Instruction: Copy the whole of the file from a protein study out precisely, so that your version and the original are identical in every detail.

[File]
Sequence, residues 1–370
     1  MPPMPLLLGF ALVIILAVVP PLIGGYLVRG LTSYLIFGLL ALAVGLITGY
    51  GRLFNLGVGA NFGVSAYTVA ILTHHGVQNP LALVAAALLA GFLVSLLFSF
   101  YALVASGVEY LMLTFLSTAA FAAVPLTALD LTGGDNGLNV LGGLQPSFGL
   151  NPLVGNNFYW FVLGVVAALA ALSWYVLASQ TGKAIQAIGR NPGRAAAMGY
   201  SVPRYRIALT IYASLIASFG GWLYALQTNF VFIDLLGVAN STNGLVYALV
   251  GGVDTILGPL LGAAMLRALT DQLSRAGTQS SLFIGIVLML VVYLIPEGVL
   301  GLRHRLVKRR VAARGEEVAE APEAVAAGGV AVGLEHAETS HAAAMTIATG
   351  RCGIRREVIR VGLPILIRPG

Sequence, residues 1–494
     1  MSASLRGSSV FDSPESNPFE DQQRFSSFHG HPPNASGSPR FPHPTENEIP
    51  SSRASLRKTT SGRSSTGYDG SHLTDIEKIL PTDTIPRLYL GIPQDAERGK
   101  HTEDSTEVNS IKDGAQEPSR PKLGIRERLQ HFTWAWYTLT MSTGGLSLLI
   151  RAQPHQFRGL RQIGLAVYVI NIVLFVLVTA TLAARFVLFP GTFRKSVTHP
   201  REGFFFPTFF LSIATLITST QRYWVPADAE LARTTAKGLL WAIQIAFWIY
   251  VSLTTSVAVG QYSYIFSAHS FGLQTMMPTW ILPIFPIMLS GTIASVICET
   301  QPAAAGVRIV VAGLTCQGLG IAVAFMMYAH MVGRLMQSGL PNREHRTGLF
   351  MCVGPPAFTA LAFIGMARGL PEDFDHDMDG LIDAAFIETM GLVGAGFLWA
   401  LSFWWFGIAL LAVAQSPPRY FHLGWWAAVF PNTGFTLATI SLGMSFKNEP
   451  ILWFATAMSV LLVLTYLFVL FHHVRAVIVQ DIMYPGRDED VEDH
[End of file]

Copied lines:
Sequence, residues 1–370
     1  MPPMPLLLGF ALVIILAVVP PLIGGYLVRG LTSYLIFGLL ALAVGLITGY
    51  GRLFNLGVGA NFGVSAYTVA ILTHHGVQNP LALVAAALLA GFLVSLLFSF
   101  YALVASGVEY LMLTFLSTAA FAAVPLTALD LTGGDNGLNV LGGLQPSFGL
   151  NPLVGNNFYW FVLGVVAALA ALSWYVLASQ TGKAIQAIGR NPGRAAAMGY
   201  SVPRYRIALT IYASLIASFG GWLYALQTNF VFIDLLGVAN STNGLVYALV
   251  GGVDTILGPL LGAAMLRALT DQLSRAGTQS SLFIGIVLML VVYLIPEGVL
   301  GLRHRLVKRR VAARGEEVAE APEAVAAGGV AVGLEHAETS HAAAMTIATG
   351  RCGIRREVIR VGLPILIRPG

Sequence, residues 1–494
     1  MSASLRGSSV FDSPESNPFE DQQRFSSFHG HPPNASGSPR FPHPTENEIP
    51  SSRASLRKTT SGRSSTGYDG SHLTDIEKIL PTDTIPRLYL GIPQDAERGK
   101  HTEDSTEVNS IKDGAQEPSR PKLGIRERLQ HFTWAWYTLT MSTGGLSLLI
   151  RAQPHQFRGL RQIGLAVYVI NIVLFVLVTA TLAARFVLFP GTFRKSVTHP
   201  REGFFFPTFF LSIATLITST QRYWVPADAE LARTTAKGLL WAIQIAFWIY
   251  VSLTTSVAVG QYSYIFSAHS FGLQTMMPTW ILPIFPIMLS GTIASVICET
   301  QPAAAGVRIV VAGLTCQGLG IAVAFMMYAH MVGRLMQSGL PNREHRTGLF
   351  MCVGPPAFTA LAFIGMARGL PEDFDHDMDG LIDAAFIETM GLVGAGFLWA
   401  LSFWWFGIAL LAVAQSPPRY FHLGWWAAVF PNTGFTLATI SLGMSFKNEP
   451  ILWFATAMSV LLVLTYLFVL FHHVRAVIVQ DIMYPGRDED VEDH